Personally I think that if failing flash chips were the culpirit we'd see different types of errors before the final hang on shutdown: corrupted documents, disappearing add-ins (due to checksums not matching), OS errors in places other than the shutdown routine, etc.


Yeah, the weird thing is that nothing foreshadowed it, plus the fact the part that breaks did not immediately shutdown the calc, instead making the shutdown process longer? Seems that piece isn't essential to keep the calc powered on, but the bootloader/OS choke on it, preventing a boot.
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The component in question could be a voltage regulator. If it malfunctions, its output level may go higher or lower than desired. The OS wouldn't detect this, because the ADC used to measure the battery tension goes before any regulator. If the flash chip is supplied with a too high or too low level, then it may cause unpredictable behavior. It could just lock up, and the OS and/or the CPU (which can execute code directly from the flash) will wait forever for the last operation to complete. Or it could begin returning garbage, and the OS wouldn't know what to make of it either, especially because all the error handlers are in the flash, and that is not available. So I can see why the OS would just lock up.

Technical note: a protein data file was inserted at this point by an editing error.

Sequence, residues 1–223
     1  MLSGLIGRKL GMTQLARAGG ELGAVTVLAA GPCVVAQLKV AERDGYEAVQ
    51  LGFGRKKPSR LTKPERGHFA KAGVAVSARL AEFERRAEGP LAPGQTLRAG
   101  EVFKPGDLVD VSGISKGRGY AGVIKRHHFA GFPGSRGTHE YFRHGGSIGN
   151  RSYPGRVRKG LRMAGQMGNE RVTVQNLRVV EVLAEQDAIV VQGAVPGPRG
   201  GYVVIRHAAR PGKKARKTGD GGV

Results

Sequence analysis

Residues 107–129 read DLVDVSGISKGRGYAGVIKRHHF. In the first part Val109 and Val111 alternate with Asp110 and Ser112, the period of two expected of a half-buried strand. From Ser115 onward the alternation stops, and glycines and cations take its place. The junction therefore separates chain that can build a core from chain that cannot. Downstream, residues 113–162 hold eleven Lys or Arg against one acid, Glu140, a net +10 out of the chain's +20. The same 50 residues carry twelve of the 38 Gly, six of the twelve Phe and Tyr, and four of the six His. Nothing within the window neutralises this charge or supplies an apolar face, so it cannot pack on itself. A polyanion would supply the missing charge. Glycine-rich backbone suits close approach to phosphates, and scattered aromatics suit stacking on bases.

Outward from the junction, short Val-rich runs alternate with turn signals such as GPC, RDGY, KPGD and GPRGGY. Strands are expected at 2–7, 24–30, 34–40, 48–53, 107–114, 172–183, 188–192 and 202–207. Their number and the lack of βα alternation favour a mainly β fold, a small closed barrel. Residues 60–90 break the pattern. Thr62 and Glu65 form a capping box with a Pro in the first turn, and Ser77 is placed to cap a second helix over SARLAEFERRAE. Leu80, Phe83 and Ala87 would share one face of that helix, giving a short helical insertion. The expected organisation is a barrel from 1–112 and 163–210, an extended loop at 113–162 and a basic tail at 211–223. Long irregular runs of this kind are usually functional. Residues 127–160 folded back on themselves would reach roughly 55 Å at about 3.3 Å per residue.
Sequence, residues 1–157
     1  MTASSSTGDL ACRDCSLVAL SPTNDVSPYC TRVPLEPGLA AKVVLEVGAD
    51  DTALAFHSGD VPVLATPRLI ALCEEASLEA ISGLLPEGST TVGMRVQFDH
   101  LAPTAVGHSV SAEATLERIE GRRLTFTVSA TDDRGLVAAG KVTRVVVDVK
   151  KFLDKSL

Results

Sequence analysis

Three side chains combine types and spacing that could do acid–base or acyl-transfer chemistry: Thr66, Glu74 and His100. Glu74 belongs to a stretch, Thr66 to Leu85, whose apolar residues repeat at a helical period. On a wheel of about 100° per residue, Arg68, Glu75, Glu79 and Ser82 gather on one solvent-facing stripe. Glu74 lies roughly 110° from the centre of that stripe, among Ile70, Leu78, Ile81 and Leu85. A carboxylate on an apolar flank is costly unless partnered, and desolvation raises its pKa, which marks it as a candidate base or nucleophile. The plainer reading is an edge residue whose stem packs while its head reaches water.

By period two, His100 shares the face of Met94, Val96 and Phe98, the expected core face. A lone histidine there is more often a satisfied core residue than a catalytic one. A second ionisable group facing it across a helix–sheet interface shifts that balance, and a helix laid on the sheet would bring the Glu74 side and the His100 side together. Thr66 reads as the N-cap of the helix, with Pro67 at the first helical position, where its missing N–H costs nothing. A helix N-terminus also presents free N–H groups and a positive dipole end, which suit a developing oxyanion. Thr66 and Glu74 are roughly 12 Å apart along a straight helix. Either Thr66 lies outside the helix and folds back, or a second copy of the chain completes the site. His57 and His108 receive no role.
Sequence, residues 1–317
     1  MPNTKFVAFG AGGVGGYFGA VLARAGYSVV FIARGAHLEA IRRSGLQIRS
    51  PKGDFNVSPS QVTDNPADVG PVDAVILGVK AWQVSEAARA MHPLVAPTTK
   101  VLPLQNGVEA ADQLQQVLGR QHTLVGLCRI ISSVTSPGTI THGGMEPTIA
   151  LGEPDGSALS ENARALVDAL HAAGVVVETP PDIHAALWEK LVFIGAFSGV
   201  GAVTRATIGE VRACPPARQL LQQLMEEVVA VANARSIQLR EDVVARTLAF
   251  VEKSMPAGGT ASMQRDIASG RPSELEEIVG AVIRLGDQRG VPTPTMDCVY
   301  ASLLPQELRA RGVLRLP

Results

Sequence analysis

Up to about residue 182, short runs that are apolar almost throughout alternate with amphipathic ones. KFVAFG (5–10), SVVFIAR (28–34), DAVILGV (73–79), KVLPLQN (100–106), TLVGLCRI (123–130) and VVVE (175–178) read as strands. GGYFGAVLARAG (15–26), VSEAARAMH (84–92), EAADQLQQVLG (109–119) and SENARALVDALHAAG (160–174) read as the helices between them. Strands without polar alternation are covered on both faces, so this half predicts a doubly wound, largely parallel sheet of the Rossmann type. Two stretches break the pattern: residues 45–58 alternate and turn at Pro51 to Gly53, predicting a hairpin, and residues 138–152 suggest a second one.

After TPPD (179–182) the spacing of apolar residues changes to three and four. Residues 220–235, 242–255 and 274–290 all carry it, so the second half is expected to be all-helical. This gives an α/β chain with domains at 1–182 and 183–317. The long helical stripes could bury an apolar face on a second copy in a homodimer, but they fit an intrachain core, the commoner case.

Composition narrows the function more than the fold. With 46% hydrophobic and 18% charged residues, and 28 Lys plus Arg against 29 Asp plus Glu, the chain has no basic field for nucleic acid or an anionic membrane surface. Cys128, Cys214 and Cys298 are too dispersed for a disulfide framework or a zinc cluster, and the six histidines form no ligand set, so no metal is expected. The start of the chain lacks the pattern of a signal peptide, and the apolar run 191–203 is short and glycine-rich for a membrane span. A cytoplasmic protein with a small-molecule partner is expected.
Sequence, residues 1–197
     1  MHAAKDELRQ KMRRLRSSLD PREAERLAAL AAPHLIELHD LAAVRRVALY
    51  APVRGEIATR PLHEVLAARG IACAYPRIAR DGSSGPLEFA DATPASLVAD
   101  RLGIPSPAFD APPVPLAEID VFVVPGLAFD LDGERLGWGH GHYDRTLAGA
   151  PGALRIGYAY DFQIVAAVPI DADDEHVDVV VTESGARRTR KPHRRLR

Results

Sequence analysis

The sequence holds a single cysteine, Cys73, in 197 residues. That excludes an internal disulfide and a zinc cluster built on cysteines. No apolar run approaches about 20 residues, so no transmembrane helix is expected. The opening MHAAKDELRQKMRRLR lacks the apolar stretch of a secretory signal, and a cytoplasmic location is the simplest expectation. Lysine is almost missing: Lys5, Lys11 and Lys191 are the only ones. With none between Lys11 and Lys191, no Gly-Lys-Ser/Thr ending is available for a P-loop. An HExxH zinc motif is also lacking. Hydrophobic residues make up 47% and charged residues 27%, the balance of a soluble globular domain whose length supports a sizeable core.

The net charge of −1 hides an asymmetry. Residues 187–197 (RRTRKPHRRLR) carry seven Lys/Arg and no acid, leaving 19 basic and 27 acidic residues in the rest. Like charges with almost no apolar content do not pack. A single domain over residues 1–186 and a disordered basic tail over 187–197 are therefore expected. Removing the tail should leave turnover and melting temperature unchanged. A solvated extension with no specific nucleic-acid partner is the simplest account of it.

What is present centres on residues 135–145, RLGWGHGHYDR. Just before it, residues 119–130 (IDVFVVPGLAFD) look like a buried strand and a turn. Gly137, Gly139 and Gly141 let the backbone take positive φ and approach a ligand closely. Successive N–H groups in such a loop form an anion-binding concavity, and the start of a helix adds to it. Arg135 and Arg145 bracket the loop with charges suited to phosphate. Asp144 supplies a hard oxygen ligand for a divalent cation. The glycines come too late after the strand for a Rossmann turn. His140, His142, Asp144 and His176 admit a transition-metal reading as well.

As to why it seems to happen more on shutdown, it may be because of what I already explained: entering standby might be more power-demanding (and in a short amount of time, so it's a demand peak) than most other operations which only require reading data from the flash, and probably more than operations on the filesystem, which as far as we know are carefully designed to decrease flash wear, minimizing write cycles. This additional demand may cause the output of an already failing regulator to go too far off from the accepted levels.
Of course, the best way to validate this would be to connect an ammeter between the batteries and the Prizm, and measure the consumption during different operations. Supposedly, the Prizm has those two big capacitors precisely to minimize the effect of these "demand peaks", but I don't know if they go before or after the voltage regulators, which means they might do nothing to smooth the output of a failing regulator.

Also, I don't think the regulators necessarily become visibly scorched when they break, which may explain why some Prizms look "normal" on the outside. Taking some measurements on a working Prizm and then on a broken Prizm and comparing them would be useful.